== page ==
The two-times Tour winner is now the seventh player to be suspended under the Tour’s policy against drugs of abuse that was implemented in 2008. It follows the three-month ban of Robert Garrigus in March of this year.
Despite being medically and recreationally legal in many states, cannabis is still listed as a banned substance under the Tour’s anti-doping policy.
The Tour said it would have no further comment on the suspension.
CBD Sponsorship of Professional Motocross Takes Another Step Forward
CBD sponsorship is making moves in professional motocross and supercross, once again, after progress stalled in early 2019.
For those living under a rock, CBD aka cannabidiol is one of over a hundred cannabinoids found in cannabis plants. But, unlike tetrahydrocannabinol (THC), CBD doesn’t offer a high. The latter’s strengths are helping to treat serious conditions such as epilepsy, to controlling anxiety, helping manage pain, aid in muscle recovery, better sleep and overall wellness.
Certain attributes — such as recovery, sleep and overall wellness — has seen professional athletes add CBD to training programs. That has seen the rise of cannabis advocates in a wide scope of sports, whether stick-and-ball (like hockey, football and baseball), through to action sports that sit out of the mainstream (like MMA and motocross).
It has also seen an influx of cannabis advocates, like MMA’s Bas Rutten and motocross stars Carey Hart and Chad Reed, all using that ‘legend’ status in each sport to help educate fans and followers about the benefits of CBD.
While the likes of Hart and Reed continue to share their belief in CBD on social media, it only goes so far in motocross, with its use and marketing leading to controversy in the pro motocross racing scene.
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There was no problem with racers being sponsored and supported by CBD companies until February 2019, which was when supported athletes were censored during broadcasts of Monster Energy AMA Supercross. The ban prohibited the logos of CBD companies, enforced by the American Motorcyclist Association (AMA) after it was brought to the attention of Feld Motor Sports, the promoter of the series.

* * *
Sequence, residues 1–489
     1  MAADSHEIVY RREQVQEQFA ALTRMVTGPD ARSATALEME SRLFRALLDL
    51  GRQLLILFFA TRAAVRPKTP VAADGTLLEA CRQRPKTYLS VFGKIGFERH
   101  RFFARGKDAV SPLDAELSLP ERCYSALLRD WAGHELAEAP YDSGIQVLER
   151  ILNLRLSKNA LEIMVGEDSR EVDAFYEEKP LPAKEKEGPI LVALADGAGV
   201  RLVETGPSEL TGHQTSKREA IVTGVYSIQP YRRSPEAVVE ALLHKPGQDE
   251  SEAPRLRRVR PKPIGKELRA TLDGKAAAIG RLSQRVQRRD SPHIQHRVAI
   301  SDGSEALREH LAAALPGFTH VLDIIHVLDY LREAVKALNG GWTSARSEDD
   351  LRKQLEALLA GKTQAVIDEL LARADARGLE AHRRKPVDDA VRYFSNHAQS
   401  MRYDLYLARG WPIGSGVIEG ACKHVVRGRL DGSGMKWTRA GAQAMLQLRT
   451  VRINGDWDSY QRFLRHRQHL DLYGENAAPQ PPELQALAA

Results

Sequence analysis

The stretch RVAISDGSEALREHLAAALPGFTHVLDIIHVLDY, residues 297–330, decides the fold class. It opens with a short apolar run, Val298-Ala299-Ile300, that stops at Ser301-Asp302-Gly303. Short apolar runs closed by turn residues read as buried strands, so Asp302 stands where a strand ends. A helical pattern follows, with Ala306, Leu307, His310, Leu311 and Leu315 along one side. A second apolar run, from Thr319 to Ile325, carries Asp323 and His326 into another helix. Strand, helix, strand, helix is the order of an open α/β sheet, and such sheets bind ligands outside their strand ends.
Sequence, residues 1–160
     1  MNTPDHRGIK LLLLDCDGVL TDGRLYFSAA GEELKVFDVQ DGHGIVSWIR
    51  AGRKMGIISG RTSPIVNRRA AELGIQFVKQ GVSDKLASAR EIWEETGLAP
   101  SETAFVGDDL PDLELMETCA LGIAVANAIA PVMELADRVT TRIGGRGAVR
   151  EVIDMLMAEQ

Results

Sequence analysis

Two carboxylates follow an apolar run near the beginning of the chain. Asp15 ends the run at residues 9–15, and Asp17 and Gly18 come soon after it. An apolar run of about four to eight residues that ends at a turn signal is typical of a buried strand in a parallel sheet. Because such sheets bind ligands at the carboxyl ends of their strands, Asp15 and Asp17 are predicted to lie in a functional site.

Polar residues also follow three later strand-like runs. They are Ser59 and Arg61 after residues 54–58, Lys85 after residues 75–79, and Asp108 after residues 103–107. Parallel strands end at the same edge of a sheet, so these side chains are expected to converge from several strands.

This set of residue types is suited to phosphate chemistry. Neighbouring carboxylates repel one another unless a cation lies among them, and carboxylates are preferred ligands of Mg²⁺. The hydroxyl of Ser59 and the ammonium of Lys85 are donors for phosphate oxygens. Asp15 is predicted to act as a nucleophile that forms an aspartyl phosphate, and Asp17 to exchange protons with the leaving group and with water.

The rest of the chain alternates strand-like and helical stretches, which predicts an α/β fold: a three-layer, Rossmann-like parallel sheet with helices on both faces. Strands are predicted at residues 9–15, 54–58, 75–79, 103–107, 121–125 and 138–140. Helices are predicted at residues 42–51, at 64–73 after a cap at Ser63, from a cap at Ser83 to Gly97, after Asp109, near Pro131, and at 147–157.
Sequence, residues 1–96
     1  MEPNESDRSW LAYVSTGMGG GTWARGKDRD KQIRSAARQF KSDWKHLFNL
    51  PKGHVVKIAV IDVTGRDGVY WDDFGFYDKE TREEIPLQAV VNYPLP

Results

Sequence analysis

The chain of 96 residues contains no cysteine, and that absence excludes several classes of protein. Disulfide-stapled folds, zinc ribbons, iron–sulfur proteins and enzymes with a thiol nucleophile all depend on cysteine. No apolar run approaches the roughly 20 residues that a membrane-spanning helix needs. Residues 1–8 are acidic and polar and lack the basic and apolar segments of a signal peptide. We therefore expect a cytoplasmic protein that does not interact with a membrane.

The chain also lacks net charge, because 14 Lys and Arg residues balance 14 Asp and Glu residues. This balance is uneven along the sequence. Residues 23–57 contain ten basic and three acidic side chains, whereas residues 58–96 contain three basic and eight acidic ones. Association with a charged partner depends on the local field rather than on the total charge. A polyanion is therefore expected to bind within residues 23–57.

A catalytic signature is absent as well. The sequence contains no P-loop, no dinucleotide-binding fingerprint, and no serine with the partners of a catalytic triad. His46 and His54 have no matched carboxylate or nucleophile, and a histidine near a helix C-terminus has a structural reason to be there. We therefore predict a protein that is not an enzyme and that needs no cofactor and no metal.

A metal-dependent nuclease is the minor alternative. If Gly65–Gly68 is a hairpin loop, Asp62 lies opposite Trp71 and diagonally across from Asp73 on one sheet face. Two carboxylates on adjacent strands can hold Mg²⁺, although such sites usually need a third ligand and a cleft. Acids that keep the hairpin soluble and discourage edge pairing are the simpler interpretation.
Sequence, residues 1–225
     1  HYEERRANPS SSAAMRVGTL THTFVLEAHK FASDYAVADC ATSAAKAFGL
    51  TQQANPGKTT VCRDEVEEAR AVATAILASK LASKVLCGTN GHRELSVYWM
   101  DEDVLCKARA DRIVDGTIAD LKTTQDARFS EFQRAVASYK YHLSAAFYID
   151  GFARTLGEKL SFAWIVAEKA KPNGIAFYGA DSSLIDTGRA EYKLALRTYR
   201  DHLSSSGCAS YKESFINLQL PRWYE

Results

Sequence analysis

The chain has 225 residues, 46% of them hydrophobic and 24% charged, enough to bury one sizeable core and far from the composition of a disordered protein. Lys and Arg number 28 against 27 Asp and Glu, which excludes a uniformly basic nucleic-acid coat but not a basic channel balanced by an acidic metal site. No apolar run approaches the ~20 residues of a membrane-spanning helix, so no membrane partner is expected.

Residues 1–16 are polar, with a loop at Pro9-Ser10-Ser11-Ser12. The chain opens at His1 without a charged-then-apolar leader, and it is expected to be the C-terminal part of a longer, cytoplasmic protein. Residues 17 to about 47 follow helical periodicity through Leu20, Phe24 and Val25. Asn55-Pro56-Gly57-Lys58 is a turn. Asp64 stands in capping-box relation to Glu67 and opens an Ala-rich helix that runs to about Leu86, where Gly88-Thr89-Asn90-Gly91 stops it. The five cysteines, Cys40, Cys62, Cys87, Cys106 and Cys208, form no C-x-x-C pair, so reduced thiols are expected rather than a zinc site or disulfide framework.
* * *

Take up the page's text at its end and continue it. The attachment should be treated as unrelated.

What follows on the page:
The problem was not the use of CBD by the athletes, but the two logos of CBD brands — Ignite and cbdMD — visible on bikes and riders during broadcasts on NBC. The first to be censored was Dean Wilson, who was told to cover the Ignite logos, followed by Chad Reed being forced to censor the cbdMD logos on his helmet.
There were inconsistencies with the ban and censorship, depending on where the racing took place (such as Texas, where CBD is still not legal). To add more confusion, both the AMA and The Fédération Internationale de Motocyclisme (FIM) allows racers to use CBD since it is not on the prohibited list of the World Anti-Doping Agency (WADA).
But There Has Been Progress
The AMA posted a bulletin that outlines how CBD will be handled in 2020 and beyond.
Again, these steps are related to the displaying of logos at the races, whether in the pits, on the bike or the gear (especially if seen during television broadcasts).
Due to recent changes in state laws, limited hemp-based cannabidiol “CBD” product sponsorships at certain onsite event locations during the upcoming 2020 Supercross season will be allowed subject to the following requirements and restrictions contained herein.
But there are requirements to the eligibility, with the “CBD products must be derived from hemp and contain less than .3% THC,” and “any logos or signage that include or relate to cannabis are prohibited.” Of course, “CBD product sponsorships are void in whole or in part wherever prohibited by law.”
That means signage or promotional displays for CBD related products are to be permitted in the pit areas of the 2020 series. But the distribution or sale of any CBD related products or samples would be strictly prohibited.